Disgruntled Neighbors Dampen Nublu’s Birthday Week

NubluSuzanne Rozdeba

It’s been a week of highs and lows for Nublu. Tonight, the club celebrates its 10th anniversary at Le Poisson Rouge. But earlier this week, owner Ilhan Ersahin was forced to defend himself against accusations that his live music venue was to blame for noise on Avenue C.

Mr. Ersahin appeared before Community Board 3’s SLA licensing committee on Monday after neighbors lodged numerous complaints about noise they said came from Nublu. Some present at the meeting wanted his beer and wine license revoked. Meanwhile, committee member Ariel Palitz defended Nublu, calling it an East Village institution and one of its few remaining live music venues.

Today, Mr. Ersahin denied the block was all that noisy. “I think the complainers have this thing in their head and they keep on going because they have nothing else to do,” he told The Local. “I live right above Nublu; it’s not like I don’t know what’s going on.”

Mr. Ersahin said he had made concessions – including cutting back the number of music sets on Sundays, Mondays and Tuesdays from two to one, and adding a thick layer of soundproofing – but would not agree to the committee’s requests that he add an additional doorman and impose tighter restrictions on hours of operation and music.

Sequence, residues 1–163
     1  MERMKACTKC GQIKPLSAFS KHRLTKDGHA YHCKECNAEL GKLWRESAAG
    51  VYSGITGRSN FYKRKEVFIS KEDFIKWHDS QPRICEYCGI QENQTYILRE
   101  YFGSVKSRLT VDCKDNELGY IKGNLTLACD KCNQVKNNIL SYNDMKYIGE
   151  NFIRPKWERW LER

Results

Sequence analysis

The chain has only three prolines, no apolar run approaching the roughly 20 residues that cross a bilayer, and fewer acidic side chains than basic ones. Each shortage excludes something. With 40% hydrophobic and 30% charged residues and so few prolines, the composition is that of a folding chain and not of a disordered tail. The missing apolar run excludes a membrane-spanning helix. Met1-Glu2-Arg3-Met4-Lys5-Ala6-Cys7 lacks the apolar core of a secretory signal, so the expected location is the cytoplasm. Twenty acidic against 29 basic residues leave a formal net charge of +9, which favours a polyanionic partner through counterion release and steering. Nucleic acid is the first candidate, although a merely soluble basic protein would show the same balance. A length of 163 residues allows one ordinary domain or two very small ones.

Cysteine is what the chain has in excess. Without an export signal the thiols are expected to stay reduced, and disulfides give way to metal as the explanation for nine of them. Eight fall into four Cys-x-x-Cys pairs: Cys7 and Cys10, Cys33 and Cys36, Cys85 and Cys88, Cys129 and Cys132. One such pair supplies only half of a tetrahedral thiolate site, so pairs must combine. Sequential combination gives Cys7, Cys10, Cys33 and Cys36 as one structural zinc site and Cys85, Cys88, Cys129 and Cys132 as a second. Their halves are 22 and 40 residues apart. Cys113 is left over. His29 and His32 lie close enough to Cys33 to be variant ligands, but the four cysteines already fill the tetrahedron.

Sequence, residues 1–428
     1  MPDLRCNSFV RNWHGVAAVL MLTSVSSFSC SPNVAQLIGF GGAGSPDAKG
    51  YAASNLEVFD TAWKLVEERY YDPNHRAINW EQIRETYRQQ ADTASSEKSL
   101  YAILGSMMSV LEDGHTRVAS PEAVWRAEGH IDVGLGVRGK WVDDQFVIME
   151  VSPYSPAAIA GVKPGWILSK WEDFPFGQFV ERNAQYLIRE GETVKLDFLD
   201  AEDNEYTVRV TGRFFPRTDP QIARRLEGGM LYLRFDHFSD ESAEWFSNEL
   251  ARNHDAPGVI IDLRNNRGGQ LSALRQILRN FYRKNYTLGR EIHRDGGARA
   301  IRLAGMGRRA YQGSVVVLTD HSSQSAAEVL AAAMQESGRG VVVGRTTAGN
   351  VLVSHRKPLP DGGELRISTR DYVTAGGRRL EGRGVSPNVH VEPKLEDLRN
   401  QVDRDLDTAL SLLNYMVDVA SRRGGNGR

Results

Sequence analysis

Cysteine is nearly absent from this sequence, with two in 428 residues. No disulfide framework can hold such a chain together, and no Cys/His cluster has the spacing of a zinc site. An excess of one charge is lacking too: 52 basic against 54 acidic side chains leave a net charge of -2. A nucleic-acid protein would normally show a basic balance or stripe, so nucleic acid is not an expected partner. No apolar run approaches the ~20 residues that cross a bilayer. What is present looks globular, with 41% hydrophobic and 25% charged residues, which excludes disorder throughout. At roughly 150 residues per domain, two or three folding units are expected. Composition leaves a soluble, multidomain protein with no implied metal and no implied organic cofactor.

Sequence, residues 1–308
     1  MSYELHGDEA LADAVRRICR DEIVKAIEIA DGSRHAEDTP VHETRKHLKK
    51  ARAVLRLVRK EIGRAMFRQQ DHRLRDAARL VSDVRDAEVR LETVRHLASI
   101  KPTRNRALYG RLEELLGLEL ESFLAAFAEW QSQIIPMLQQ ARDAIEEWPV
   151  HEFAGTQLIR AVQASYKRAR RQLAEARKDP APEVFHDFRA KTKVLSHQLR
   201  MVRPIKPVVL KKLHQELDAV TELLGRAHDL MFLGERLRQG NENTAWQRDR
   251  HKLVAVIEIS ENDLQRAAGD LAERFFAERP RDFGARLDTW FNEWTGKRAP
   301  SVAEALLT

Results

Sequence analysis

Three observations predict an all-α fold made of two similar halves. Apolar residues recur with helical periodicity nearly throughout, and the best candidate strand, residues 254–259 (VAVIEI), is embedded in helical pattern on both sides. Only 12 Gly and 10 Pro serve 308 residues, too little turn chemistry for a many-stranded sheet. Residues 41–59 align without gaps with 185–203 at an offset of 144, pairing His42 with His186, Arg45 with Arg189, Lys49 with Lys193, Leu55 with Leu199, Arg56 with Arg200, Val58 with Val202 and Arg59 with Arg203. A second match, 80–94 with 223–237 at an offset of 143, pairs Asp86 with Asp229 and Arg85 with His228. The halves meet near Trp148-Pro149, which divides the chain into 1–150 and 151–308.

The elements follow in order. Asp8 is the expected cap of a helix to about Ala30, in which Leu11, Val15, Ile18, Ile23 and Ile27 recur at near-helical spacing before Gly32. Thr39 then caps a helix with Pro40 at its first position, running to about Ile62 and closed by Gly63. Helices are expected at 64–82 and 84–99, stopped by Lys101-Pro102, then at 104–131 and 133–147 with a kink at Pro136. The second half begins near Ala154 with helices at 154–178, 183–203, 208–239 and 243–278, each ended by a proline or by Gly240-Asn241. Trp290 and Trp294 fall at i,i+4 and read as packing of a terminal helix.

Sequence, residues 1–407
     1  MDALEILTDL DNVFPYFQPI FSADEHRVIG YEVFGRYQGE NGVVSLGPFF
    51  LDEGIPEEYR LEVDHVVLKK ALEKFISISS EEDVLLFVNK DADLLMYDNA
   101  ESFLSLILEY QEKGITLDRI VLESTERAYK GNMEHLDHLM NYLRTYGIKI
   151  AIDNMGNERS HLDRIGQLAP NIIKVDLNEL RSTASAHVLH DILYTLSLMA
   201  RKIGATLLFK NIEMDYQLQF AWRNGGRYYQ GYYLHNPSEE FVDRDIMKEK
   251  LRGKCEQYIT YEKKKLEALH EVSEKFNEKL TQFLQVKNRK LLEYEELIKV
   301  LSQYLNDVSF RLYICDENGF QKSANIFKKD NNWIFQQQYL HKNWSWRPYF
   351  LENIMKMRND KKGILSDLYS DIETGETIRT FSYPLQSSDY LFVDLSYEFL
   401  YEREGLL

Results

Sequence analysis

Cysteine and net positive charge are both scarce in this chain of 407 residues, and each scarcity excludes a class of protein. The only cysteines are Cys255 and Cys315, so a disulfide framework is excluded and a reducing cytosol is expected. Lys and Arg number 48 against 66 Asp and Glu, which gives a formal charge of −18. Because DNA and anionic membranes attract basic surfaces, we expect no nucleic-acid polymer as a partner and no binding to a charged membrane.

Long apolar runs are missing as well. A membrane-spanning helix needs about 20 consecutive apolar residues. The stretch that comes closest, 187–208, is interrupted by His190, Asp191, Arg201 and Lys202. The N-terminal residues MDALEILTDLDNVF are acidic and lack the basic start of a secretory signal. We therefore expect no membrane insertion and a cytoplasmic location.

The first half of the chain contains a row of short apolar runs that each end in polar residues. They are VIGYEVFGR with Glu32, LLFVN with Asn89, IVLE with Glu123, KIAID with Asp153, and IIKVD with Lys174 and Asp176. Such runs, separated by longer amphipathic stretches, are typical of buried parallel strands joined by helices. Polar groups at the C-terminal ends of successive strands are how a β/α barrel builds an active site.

“It would cripple our business until we’d have to close. The stipulations were ridiculous,” he told The Local. “One board member said, ‘If it’s noisy, put another doorman outside.’ Another doorman is another $3,000 a month for me. Does that mean we have to police the whole block?”

He said he wanted to return to the committee next month in an effort to appease it, though he declined to be specific about his plan. “Hopefully we can resolve it somehow. I want to satisfy them and my neighbors, but we should do it in a civilized manner, not just arguing in front of 200 people,” he said.

Mr. Ersahin said the club had made the block a safer place in the past decade and believed it wasn’t getting a due amount of respect. “In my mind, we are like the Village Vanguard. We have been there 10 years. In 60 years, there’s still going to be a Nublu,” he said.

This isn’t the first time Nublu has been on the hot seat: The club was forced to close last summer after its liquor license was revoked by the State Liquor Authority due to its proximity to a Jehovah’s Witnesses Kingdom Hall. When it reopened (serving wine and beer rather than hard liquor) Mr. Ersahin said the new operation would be “less clubby style” and “more wine/lounge/art/talky kinda vibes.”